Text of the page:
WASHINGTON — The Treasury Department seems to be broadening its thinking on ways to streamline the bank and thrift regulatory agencies.

Several sources said Tuesday that Treasury officials are mulling a plan to combine three agencies, and give the Federal Reserve Board regulation of the 20 largest banking companies. The plan would merge the Federal Deposit Insurance Corp., Office of Thrift Supervision, and the Office of the Comptroller of the Currency into one super-regulator that would oversee the rest of the industry.

Treasury Secretary Paul O’Neill discussed the idea in a meeting last week with Comptroller John D. Hawke Jr., sources said. While Mr. Hawke was pitching his own proposal to use the deposit insurance funds to cover the cost supervising national and state-chartered banks, Mr. O’Neill asked if it made more sense to combine three federal agencies and give the Fed oversight of the larger banks.

He raised a few different ideas for streamlining regulation and did not appear to be laying out a specific plan, sources said. But they said he seemed intrigued by the merger proposals.

A Treasury Department spokesman on Tuesday did not dispute the account of Mr. O’Neill’s comments, but insisted that the agency is not considering such a plan.

“There is absolutely zero proposal of this nature being discussed,” said Rob Nichols, deputy assistant secretary for public affairs. “It has not been kicked around in any way, shape, or form.”

Any such proposal would be a new twist in an ongoing battle. For years, various administrations, including the first Bush administration and the Clinton administration, have advocated streamlining the bank and thrift regulators, though no such effort has made much headway.

Sources have said the new Bush administration also wants to streamline. Many observers have assumed this would mean the merger of the OCC and the OTS, both of which are units of Treasury. Mr. O’Neill’s comments appeared to point to something beyond this.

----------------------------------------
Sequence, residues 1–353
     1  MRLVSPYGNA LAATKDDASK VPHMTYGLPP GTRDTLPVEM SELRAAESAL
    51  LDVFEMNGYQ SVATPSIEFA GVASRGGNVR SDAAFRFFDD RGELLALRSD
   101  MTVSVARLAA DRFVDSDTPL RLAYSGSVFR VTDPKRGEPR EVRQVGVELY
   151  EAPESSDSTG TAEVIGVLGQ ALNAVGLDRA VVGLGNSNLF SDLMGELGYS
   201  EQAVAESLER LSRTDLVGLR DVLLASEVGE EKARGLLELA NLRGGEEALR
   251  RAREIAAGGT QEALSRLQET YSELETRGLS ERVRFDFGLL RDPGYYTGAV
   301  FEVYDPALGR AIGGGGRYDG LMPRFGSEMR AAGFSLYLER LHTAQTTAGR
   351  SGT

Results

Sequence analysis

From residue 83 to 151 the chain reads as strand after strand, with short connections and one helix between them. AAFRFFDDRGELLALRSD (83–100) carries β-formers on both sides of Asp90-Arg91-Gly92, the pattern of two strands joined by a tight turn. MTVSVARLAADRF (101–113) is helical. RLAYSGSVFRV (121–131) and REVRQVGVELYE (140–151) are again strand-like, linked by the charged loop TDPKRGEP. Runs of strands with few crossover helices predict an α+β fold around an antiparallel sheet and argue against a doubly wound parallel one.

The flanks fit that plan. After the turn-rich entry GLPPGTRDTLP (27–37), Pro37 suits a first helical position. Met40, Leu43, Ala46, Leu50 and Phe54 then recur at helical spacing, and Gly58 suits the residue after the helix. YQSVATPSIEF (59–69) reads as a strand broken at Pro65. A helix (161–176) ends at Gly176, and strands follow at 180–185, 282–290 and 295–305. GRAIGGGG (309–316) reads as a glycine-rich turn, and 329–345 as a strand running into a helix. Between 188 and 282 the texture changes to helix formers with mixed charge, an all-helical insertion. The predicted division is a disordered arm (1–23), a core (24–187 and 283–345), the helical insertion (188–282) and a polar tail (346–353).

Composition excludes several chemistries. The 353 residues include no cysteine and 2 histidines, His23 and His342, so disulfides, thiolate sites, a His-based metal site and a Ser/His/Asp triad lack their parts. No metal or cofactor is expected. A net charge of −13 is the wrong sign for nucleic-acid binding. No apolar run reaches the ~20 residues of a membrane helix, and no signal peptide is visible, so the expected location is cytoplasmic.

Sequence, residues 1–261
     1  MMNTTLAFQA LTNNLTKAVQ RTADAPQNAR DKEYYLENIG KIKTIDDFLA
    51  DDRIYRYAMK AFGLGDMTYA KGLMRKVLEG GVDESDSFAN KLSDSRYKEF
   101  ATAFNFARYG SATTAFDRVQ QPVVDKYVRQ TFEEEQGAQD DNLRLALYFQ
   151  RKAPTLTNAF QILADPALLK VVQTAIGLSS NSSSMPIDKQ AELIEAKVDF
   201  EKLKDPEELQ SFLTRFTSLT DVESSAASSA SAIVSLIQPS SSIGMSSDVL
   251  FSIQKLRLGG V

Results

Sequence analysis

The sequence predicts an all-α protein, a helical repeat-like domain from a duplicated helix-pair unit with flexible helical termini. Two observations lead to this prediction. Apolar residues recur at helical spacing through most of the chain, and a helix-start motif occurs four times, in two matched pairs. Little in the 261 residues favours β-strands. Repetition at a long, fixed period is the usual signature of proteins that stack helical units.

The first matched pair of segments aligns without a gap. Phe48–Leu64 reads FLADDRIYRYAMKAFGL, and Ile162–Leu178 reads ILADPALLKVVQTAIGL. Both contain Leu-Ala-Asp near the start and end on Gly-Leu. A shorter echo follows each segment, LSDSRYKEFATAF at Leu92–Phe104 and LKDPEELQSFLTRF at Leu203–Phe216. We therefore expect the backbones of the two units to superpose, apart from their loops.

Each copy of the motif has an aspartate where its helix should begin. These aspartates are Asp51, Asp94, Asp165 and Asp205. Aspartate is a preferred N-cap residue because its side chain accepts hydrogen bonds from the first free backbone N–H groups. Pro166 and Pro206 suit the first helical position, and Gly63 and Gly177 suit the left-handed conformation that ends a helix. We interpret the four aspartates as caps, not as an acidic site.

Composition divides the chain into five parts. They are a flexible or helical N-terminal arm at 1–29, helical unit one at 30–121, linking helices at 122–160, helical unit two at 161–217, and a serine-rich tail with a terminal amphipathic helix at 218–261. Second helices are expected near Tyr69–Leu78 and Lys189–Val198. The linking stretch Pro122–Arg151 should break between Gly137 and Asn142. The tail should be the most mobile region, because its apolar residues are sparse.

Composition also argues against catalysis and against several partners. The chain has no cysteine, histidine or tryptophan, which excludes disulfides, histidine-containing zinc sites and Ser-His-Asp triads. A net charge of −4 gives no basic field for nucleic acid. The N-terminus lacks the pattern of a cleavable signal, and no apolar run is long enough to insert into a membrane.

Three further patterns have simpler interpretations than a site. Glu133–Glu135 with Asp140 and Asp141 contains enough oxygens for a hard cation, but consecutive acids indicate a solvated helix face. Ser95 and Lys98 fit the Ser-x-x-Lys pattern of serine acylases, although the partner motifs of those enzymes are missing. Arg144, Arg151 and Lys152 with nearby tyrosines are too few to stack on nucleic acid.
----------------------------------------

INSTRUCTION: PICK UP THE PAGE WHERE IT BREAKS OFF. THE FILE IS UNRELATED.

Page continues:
But indications were that the plan was still in its infancy, and that there were several questions still to be resolved. For example, it was unclear if the Fed or FDIC would continue sharing regulation of state-chartered institutions with state regulators.

Industry officials are expected to be skeptical of any proposal to consolidate the three federal agencies.

“The OTS, OCC, and FDIC serve important roles, and underscore the strength of our financial system — I don’t think one regulator would serve that purpose,” said Diane Casey, the president and chief executive officer of Americas Community Bankers.

“We have not seen any proposals on this from this administration and this Treasury, but agency structure has been addressed by every administration since I’ve been here. What each administration ends up learning is to appreciate the charters that exist, and the regulation that accompanies them.”

The notion of putting the Fed in charge of regulating the top 20 banking companies will probably be met with strong resistance.

“This makes the big guys nervous,” said an industry source, who spoke on condition of anonymity. “They would be concerned that it would be easier to set them out as targets, but also that they would be more heavily regulated than others, because they are bigger and because they are under the Fed.”

In 1993, the Clinton administration proposed merging the banking supervisory activities of the four agencies into a single body, the Federal Banking Commission, and would have left the Fed in charge of monetary policy and kept the FDIC as the insurer. But that idea was met with firm resistance from the Fed. The Fed offered an alternative plan — one that sounds similar to the one Mr. O’Neill is considering now.

At a congressional hearing in 1994, Fed Chairman Alan Greenspan outlined a proposal that would merge the four agencies into two. It called for the merger of the OCC and the OTS into a single agency, and would have stripped the FDIC of all but its insurance responsibilities. The merged agency would have supervised national banks and thrifts, as well as all depository institutions in any banking organization whose lead banks are a national bank or thrift. Under that plan, the Fed would have supervised all state banks.

But the Fed’s proposal was never taken up, and a bill to merge all the agencies failed.

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